Environmental

Marine Biologist: Turn Old Ruins Into "Mangrove Maze Visible From Space"

The stakes in Biscayne Bay can be seen from Google Earth
The stakes in Biscayne Bay can be seen from Google Earth Screenshot via Google Earth
Off the Julia Tuttle Causeway's southern shore in the middle of Biscayne Bay lie the remains of a long-forgotten dream. Dozens of concrete stakes reach out from the water at low tide like fingers grasping for their lost potential. What could have been a landmark symbolizing man's dominance over nature now serves as perches for pelicans and other seabirds — and it's totally covered in bird shit.

These are the ruins of Isola di Lolando, a manmade island proposed in 1926 as part of the Venetian Isles project. The large rectangular development was designed to run perpendicular to the Venetian Causeway,  and slated to be the first of five manmade islands with elaborate Italian names like Isola di Capri and Isola di Torcello. The developers, the North Venetian Islands Company, imagined large, Italian-style belfry towers on each one, and promised investors and would-be buyers in advertisements in the Miami Herald a slice of Venice in America amid South Florida's 1920s real estate boom.
click to enlarge From the February 3, 1926, Miami Herald: the first stakes driven into Biscayne Bay for Isola di Lolando as part of the failed Venetian Isles project - PHOTO FROM MIAMI HERALD ARCHIVES VIA NEWSPAPERS.COM
From the February 3, 1926, Miami Herald: the first stakes driven into Biscayne Bay for Isola di Lolando as part of the failed Venetian Isles project
Photo from Miami Herald archives via Newspapers.com
But there was a market crash in the mid-1920s (several years before the Great Depression), and then a barge working on the island overturned, drowning the crew, during the hurricane of 1926. Soon after the stakes had been planted in the bay for Isola di Lolando, the entire North Venetian Islands project was abandoned.

Nearly 100 years later, the stakes are a watery testament to Miami developers' tendency to overpromise and underdeliver. But one local environmental advocate has a new vision for the relics, one that flips the man-versus-nature motif on its head.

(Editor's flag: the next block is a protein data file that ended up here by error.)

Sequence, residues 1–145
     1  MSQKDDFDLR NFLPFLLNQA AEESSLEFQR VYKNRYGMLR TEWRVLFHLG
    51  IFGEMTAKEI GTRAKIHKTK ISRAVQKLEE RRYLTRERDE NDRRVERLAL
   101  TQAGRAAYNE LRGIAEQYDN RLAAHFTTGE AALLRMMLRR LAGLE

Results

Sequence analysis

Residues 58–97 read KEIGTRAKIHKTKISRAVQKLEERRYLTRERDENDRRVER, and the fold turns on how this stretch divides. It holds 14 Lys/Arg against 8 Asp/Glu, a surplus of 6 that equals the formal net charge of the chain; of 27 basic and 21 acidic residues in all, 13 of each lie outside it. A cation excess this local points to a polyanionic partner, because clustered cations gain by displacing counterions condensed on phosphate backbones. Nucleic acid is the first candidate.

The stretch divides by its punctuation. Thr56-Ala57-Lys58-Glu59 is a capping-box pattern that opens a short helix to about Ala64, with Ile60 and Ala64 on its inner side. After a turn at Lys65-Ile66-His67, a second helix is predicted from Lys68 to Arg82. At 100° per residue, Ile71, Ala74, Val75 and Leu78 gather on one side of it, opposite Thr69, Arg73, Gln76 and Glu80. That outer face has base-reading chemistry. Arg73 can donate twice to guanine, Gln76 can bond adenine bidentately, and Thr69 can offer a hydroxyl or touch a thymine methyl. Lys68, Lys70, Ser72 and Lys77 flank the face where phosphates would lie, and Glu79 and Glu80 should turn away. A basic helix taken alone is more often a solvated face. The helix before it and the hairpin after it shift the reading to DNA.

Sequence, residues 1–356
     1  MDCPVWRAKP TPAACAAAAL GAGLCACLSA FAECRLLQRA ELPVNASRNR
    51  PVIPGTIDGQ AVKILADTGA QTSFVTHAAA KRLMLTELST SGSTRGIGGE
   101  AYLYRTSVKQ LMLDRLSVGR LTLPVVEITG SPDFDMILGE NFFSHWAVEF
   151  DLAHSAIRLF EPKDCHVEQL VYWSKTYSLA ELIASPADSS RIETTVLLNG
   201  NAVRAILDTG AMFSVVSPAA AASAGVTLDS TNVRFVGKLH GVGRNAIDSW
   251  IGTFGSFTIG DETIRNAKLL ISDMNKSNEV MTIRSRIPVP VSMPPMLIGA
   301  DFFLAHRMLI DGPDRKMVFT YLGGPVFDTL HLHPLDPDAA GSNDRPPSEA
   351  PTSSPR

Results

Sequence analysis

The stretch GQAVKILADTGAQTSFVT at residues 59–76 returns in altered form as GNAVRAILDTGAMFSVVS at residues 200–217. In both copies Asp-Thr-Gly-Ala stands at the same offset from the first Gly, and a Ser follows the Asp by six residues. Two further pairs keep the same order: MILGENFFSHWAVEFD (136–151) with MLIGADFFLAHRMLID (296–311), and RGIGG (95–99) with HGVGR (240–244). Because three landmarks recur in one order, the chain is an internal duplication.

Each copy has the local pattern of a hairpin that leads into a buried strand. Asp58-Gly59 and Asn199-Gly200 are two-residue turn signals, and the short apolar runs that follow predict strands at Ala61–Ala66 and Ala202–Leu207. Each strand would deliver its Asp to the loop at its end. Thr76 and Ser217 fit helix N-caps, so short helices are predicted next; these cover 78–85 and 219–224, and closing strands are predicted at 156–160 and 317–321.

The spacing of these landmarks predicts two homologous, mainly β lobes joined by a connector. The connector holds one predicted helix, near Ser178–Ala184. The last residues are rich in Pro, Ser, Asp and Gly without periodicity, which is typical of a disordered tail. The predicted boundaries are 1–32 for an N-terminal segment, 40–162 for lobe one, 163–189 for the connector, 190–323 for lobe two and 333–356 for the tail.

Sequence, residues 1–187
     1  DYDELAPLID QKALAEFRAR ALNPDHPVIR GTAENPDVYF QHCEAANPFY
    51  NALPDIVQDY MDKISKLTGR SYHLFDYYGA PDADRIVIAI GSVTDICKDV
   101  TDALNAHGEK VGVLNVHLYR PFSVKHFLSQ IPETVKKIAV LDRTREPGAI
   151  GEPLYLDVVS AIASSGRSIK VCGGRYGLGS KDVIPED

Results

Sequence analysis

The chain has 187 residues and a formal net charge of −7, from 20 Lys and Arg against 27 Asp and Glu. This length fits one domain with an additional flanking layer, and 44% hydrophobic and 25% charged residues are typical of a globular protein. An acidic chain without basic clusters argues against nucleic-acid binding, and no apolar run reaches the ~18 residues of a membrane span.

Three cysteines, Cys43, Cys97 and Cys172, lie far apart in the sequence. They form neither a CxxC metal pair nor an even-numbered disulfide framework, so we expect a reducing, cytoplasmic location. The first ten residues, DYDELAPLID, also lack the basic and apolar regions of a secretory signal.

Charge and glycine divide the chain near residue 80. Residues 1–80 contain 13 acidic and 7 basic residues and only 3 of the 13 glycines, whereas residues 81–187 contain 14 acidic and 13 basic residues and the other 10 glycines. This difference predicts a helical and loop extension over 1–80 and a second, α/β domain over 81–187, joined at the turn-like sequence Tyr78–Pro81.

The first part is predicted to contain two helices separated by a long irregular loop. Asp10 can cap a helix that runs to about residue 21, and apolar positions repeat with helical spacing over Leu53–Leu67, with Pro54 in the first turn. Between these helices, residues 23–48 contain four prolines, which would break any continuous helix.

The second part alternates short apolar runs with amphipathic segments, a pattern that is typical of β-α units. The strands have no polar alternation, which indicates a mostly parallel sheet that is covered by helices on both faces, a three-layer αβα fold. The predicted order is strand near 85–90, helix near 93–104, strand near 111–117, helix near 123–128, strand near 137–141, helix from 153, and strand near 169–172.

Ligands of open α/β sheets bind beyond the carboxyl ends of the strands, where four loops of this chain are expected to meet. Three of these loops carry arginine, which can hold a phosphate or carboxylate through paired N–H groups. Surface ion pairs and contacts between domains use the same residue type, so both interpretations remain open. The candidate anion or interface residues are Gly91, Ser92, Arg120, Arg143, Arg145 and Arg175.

"I want to create a mangrove maze that will be visible from space," declares Colin Foord, marine biologist and cofounder of the underwater media platform Coral Morphologic. "This project is more of a 21st-century approach of taking what was meant to be an artificial island and creating something that makes nature take over what was previously meant to be artificial."
click to enlarge The stakes that were the underpinnings of what was supposed to be Isola di Lolando in Biscayne Bay - PHOTO BY SOBESURFSKI/WIKIPEDIA
The stakes that were the underpinnings of what was supposed to be Isola di Lolando in Biscayne Bay
Photo by Sobesurfski/Wikipedia
Foord tells New Times of the plan he's had for the Isola di Lolando site for the past six years: a biological tourist attraction utilizing mangroves, sea sponges, seagrass, and oysters to create a natural labyrinth that will be equal parts art installation and practical seawall.

Visitors could kayak and paddleboard through the maze, but the mangroves would also serve as natural storm-wind barriers and biological water filters. Foord explains that the strong water currents off the Julia Tuttle would maximize the mangroves' ability to filter pollutants from the bay water.

With Miami already experiencing rising tides, fish kills, and massive seagrass dieoffs, Foord believes Miami should be enacting projects that put the environment front and center.

"If people are serious about doing radical interventions, it makes sense to use this as a kind of teaspoon of sugar to help the medicine go down," he says.

The only mockup or rendering Foord has of the maze is a doodle he made on a Post-It note, but he thinks the limelight on Miami's start-up and tech scene makes this the right moment to bring the project to fruition.

"People are concerned about the digital economy with cryptocurrency and its carbon footprint. As these tech companies are trying to appear environmentally sustainable, they need to offset their carbon emissions in some capacity, and funding this would be a way to put their money where their mouth is," he argues.
click to enlarge Foord's mock-up of the mangrove maze - PHOTO COURTESY OF COLIN FOORD
Foord's mock-up of the mangrove maze
Photo courtesy of Colin Foord
Other proposals from the City of Miami Beach for the Isola di Lolando site — such as filling it with the crud dredged during the Port Miami Tunnel — have failed in the past.

But in May, Foord will speak at the Aspen Ideas Conference, an online festival focused on climate, public health, and technology, and he intends to formally propose his mangrove maze.

"They want big ideas?" he says. "This is a big idea."
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Joshua Ceballos is staff writer for Miami New Times. He is a Florida International University alum and a born-and-bred Miami boy.
Contact: Joshua Ceballos